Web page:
Gilles Peterson is no stranger to Hong Kong. The soft-spoken British DJ says that his number of visits to the city must be in the double digits.
Best known for his eclectic BBC Radio 6 program Worldwide, Peterson’s vision of club culture is inspired by music from Brazil to Cuba to Germany, topped with a dash of “British decadence” and “punk rock attitude”.
Now, together with his trusted soundman, he is ready to “add a bit of schwizzle” to the crowd at Sonar Festival’s debut in Hong Kong this Saturday.
Among the treats in store, Hong Kong will be the first to hear some of his new mixes from his ongoing Sonzeira project, which delves into Brazilian music.
But the London-based music curator said he’s also excited to check out the other acts during Saturday’s festival, including Hong Kong’s very own Blood Wine or Honey.
He says he’d like to “have a bit of a dance” himself, though he says most DJs, including himself, aren’t very good dancers.
“We’re more of the voyeur,” Peterson said. “So being a DJ is great because you can be in it without being in it. So, you’re in it and you’re creating, but if people come and talk to you, you don’t necessarily need to respond because you’re working.” He chuckled.
Aside from rummaging through record shops, which he calls “a form of therapy”, Peterson also feeds himself music via online channels, such as Amsterdam-based Red Light Radio, which he says are curated by “really intense music collectors” like himself.
But he says he does not have time for arguably one of the most popular platforms of the moment – Spotify.
“Apparently there’s quite a lot of Gilles Peterson playlists on Spotify that I don’t even know about,” Peterson laughed, adding he appreciates how “incredible” Spotify is.
Spotify’s popular Discover Weekly playlists are almost universally acclaimed. Quartz called it a weekly feed of “30 songs that feel like a gift from a music-loving friend”. As a human playing the “most un-algorithmic” and most popular show on the BBC, but perhaps facing some competition from the machines, Peterson seemed unfazed, certain that computers wouldn’t be able to put DJs like himself out of a job quite yet.
“In the end, you can just end up in this echo chamber,” he said, referring to computer-generated playlists. “I think someone like me, having been joining the dots over the however many years I’ve been doing it, I have built a sort of a network of memory in my mind which can put people together that I don’t think computers can get to yet.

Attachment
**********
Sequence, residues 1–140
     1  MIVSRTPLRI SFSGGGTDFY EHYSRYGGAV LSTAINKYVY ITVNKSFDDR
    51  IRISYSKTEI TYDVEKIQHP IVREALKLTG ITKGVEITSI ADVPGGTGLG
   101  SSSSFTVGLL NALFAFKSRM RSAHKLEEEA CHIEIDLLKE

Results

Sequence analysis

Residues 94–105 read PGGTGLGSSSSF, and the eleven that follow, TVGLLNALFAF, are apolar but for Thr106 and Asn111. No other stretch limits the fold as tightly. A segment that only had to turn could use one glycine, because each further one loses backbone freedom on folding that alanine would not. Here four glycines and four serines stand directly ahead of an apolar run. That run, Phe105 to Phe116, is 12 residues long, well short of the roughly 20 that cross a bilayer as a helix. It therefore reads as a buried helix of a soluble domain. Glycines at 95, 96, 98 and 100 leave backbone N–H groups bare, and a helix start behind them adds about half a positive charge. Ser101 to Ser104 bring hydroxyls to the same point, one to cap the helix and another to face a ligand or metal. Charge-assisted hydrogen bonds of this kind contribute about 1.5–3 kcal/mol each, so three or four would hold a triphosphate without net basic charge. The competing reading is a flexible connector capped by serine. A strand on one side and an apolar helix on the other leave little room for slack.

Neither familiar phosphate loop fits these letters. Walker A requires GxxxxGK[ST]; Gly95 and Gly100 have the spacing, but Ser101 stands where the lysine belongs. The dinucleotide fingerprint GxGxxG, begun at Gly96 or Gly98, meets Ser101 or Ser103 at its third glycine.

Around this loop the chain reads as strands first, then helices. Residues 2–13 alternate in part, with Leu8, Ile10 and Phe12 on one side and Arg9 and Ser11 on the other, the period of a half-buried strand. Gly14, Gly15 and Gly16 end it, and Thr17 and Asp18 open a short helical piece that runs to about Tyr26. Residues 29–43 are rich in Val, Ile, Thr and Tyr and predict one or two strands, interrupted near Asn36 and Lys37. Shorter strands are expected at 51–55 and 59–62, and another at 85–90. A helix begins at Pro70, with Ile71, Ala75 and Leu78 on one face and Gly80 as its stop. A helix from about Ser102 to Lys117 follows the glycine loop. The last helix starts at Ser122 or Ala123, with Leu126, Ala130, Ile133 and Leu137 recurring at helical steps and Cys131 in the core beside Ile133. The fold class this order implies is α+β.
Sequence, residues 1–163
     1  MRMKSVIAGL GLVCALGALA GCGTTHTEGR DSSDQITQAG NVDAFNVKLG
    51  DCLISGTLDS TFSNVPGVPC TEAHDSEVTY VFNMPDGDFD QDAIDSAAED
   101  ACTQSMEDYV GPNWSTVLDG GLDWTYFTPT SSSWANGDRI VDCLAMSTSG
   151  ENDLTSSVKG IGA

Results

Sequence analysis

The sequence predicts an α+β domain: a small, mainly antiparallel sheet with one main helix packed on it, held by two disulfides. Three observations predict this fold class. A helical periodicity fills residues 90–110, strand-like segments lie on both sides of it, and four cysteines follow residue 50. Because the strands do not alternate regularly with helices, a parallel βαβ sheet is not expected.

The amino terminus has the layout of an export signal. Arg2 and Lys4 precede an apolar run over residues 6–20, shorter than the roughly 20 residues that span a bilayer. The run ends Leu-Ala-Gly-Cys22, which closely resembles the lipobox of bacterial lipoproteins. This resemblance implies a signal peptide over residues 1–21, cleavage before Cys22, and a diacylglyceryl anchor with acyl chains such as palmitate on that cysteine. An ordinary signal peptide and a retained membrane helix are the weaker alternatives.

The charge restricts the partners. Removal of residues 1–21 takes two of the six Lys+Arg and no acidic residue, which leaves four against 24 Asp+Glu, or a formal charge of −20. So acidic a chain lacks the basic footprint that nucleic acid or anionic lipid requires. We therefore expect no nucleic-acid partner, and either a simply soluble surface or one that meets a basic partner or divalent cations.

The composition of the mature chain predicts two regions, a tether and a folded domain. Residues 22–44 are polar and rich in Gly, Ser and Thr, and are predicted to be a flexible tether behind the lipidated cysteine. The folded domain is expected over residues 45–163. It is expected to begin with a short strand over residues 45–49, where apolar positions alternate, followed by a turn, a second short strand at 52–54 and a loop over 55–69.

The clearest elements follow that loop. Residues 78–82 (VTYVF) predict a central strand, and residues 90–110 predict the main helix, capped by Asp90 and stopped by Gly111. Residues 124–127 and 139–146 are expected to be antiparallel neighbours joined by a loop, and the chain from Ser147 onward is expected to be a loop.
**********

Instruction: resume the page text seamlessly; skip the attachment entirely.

“You can play a track from South Africa by a bunch of Zulu musicians, and you can connect that to a Jamie xx track. I don’t know if computers have got to that stage yet.
“I’m sure that’s gonna happen soon, but not yet, so I’m enjoying this sort of virgin water that I’m still floating on,” he laughed.
In a world celebrating the erecting of walls and closing of borders, Peterson agrees that his role in bringing cultures, music and people together is now more important than ever.
But would he go so far in his mission to bring people together to play at, say, a Trump rally? Peterson said it’s unlikely, but imagined it could be similar to playing at Ibiza, which he’s been asked to do before.
“I kind of like to find myself in these difficult situations with the music that I play because I always imagine out of the 1,000 people in the audience … maybe 990 will be, ‘let’s just go to another room, this guy is too weird’, but maybe these 10 people will have this experience that will change their lives.
“I’m sure everybody who follows me would be shocked and absolutely shocked and devastated if I go to a Trump rally, but the other side is… I could shift their mood a little bit.”
But, at the end of the day, he says it’s not a gig he would accept.
“I do think music is kind of one of our final places of peace, and it’s kind of like, it subtly cuts out all the bullshit, and it can really open up people spiritually.”
Additional reporting: Maggie Tan.